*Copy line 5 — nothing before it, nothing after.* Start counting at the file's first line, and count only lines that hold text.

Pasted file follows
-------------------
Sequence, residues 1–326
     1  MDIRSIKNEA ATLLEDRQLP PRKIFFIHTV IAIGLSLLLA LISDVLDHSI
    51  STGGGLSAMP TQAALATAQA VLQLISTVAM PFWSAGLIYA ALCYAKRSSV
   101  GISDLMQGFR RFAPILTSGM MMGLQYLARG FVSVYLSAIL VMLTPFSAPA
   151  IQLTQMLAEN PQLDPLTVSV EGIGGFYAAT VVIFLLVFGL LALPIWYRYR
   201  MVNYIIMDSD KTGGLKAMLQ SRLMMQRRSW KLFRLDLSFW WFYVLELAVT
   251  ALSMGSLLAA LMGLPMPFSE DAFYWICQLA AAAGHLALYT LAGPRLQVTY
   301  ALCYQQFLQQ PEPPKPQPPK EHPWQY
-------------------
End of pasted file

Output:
   151  IQLTQMLAEN PQLDPLTVSV EGIGGFYAAT VVIFLLVFGL LALPIWYRYR